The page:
ny change in the law to make assisted dying legal in England is a matter for Parliament but the Government would not stand in its way, a minister has said.
Social Care Minister Helen Whately insisted debate in this “sensitive area” is one that should be led by MPs at Westminster and it should be for Parliament to decide.
Ms Whately, who appeared before the Health and Social Care Committee for the fifth and final session of its inquiry into assisted dying and assisted suicide, said the Government is watching what is going on in other countries and other parts of the United Kingdom.
If the will of Parliament is that the law on assisted dying should change then Government would not stand in its way
Labour MP Paul Blomfield referenced Scotland, the Isle of Man and Jersey as being three areas of the UK which are “moving down this path”.
He asked the minister whether there is any thinking around what the Government’s response would be “if assisted dying, as is anticipated, becomes legal within UK jurisdictions?”
Ms Whately said: “I know that we observe and watch what is going on in other countries and, clearly very importantly, within other parts of the United Kingdom. And we should watch as those proposals progress in those other areas.”
She said she had not personally been involved in any discussions within Government about the possible implications of an area of the UK adopting a law facilitating assisted dying but “cannot say for other discussions that may have happened”.
She told the committee on Tuesday: “The Government’s position is that this is a debate to be led by Parliament. And so a change to the law in this sensitive area would be something for Parliament to decide.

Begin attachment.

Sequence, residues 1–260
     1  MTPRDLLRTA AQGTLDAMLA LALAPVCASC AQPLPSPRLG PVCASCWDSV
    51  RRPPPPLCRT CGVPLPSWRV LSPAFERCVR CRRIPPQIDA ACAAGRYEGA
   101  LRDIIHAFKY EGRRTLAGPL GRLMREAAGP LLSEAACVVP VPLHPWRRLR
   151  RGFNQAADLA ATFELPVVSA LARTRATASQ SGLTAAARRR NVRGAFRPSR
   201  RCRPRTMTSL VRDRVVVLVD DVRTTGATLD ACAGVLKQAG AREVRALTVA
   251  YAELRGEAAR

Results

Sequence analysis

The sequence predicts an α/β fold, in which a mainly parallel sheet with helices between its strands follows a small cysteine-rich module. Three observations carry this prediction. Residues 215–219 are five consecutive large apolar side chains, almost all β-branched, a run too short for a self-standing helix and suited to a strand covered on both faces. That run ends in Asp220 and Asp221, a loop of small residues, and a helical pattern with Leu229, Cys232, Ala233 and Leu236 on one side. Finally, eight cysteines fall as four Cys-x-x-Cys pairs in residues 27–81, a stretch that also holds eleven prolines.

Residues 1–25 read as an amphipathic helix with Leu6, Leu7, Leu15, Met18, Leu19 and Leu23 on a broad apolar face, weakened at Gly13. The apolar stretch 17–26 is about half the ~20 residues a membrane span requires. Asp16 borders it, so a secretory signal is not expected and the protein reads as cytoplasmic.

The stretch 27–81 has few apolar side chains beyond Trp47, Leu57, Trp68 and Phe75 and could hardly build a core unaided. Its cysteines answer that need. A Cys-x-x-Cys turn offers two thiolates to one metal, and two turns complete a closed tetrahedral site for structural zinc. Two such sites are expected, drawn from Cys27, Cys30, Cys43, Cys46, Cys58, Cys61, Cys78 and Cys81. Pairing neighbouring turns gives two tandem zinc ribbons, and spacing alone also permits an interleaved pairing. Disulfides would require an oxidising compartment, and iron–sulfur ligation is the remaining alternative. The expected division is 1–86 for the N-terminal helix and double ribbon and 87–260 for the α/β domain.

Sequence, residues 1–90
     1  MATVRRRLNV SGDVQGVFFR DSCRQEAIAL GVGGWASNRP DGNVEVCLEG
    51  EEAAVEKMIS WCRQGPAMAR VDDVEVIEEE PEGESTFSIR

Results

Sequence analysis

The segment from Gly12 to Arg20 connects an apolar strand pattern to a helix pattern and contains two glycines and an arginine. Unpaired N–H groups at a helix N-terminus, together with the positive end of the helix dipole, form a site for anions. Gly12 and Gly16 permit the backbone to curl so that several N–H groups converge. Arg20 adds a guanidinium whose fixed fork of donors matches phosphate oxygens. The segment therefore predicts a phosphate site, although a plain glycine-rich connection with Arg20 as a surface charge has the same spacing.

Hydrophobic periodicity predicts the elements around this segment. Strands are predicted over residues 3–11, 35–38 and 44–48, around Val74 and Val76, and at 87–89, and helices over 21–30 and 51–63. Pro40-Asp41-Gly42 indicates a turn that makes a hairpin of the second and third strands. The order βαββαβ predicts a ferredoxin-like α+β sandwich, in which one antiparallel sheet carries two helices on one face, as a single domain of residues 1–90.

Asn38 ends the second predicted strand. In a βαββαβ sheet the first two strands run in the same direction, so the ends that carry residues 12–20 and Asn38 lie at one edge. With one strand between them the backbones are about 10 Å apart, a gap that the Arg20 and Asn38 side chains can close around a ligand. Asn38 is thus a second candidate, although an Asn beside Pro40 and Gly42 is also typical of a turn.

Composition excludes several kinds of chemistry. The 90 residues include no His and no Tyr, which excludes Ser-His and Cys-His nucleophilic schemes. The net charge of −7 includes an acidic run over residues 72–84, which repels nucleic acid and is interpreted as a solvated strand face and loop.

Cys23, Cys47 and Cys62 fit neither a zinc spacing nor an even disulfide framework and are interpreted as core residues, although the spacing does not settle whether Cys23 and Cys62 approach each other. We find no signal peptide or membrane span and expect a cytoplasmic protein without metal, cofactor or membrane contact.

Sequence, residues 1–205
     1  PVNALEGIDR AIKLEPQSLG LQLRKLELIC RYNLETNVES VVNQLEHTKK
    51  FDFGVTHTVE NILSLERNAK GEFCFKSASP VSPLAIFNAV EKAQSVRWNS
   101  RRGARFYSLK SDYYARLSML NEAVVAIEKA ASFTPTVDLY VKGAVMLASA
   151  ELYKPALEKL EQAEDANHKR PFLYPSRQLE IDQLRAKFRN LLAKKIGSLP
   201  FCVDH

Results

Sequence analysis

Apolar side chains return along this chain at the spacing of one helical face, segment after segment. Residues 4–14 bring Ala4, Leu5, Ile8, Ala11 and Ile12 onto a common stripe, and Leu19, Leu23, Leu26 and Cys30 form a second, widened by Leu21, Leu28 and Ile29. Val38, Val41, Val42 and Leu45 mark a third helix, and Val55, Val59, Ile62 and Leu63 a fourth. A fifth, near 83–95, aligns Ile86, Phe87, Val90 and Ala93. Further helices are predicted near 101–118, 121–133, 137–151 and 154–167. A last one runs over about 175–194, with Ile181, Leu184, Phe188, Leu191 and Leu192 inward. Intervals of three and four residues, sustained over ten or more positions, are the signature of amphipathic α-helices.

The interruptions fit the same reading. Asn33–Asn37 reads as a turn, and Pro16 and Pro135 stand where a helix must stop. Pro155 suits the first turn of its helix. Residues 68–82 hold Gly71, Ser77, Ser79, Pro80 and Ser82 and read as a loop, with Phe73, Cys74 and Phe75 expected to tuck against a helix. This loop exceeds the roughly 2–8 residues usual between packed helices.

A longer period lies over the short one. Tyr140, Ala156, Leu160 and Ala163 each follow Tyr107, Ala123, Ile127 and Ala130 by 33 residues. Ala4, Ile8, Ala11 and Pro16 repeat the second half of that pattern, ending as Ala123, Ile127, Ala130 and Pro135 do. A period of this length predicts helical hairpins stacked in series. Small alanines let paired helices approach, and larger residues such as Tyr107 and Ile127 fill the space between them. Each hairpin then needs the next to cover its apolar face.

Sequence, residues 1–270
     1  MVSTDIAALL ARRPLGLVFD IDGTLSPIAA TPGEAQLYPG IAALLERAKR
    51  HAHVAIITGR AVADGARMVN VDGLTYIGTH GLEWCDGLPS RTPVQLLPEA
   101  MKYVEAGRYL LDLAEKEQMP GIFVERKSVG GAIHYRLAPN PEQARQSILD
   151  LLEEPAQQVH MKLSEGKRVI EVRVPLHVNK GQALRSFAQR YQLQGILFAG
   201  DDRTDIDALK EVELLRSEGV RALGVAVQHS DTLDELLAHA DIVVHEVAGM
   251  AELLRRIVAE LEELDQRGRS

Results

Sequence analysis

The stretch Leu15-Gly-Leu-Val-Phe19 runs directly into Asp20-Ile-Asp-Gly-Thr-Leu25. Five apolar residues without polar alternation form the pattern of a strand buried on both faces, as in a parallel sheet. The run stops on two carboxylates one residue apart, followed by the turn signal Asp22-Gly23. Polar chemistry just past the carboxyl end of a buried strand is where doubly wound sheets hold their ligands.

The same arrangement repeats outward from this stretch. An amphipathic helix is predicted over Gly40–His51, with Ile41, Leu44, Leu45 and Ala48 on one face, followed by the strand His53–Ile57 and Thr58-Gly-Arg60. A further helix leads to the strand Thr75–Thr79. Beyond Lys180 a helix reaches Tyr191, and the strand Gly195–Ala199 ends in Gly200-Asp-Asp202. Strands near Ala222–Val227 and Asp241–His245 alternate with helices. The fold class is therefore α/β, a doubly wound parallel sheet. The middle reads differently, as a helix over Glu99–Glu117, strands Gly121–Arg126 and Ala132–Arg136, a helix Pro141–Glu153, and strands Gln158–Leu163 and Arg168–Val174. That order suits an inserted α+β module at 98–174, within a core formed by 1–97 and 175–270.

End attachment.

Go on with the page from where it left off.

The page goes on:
“It’s an issue of conscience for individual Members of Parliament. If the will of Parliament is that the law on assisted dying should change then Government would not stand in its way.”
We are glad to find out that the Government won’t block assisted dying legislation, but the way politics works means that we haven’t had a meaningful vote on assisted dying in nearly a decade
Claire Macdonald, director of My Death, My Decision which is campaigning for a change in the law, welcomed Ms Whately’s comments but called for a “meaningful vote” on the issue.
She said: “The evidence is clear, where assisted dying is legalised, jurisdictions see better funding for palliative care, a better understanding of death and better choices for people at the end of their lives.
“We are glad to find out that the Government won’t block assisted dying legislation, but the way politics works means that we haven’t had a meaningful vote on assisted dying in nearly a decade. The people of the UK desperately want to see this issue addressed.”
Professor Sir Stephen Powis, who also appeared before the committee, said he was not aware of any modelling work that had been done by the NHS on the investment that would be needed to provide medically assisted dying.
Sir Stephen, who is national medical director of NHS England said: “This is a policy area that I don’t think it’s appropriate for NHS England to get involved in.
“Obviously, as we’ve just discussed, I think this is a matter for Parliament and, I mean, if Parliament so wished and directed through Government NHS England, then of course that is something that we would need to consider.”
Ms Whately said there is a “positive story to tell” when it comes to the quality and provision of palliative care generally in England, but acknowledged variation and inequality in access to care as her biggest areas of concern, including access to out of hours care.
She praised fundraising efforts for hospices as “a good thing” when it was put to her that a previous witness to the inquiry had described it as “odd that, societally, we found it acceptable that hospices were funded by the sale of secondhand jumpers”.
The minister said “a lot” of end of life and palliative care is provided and funded through the NHS, and that some hospice funding also comes through the NHS as well as “through the fantastic support from donations, whether that’s legacies, people making regular substantial donations, but also shops and the other ways that hospices raise money”.
She added: “I think we should say, that’s a good thing and not be critical of that. But let’s not forget that a large amount of funding for palliative and end of life care is actually through the National Health Service, and through our taxpayer-funded system.”
The committee, which has heard from peers, experts, and Swiss organisations including Dignitas, is expected to publish a report later this year.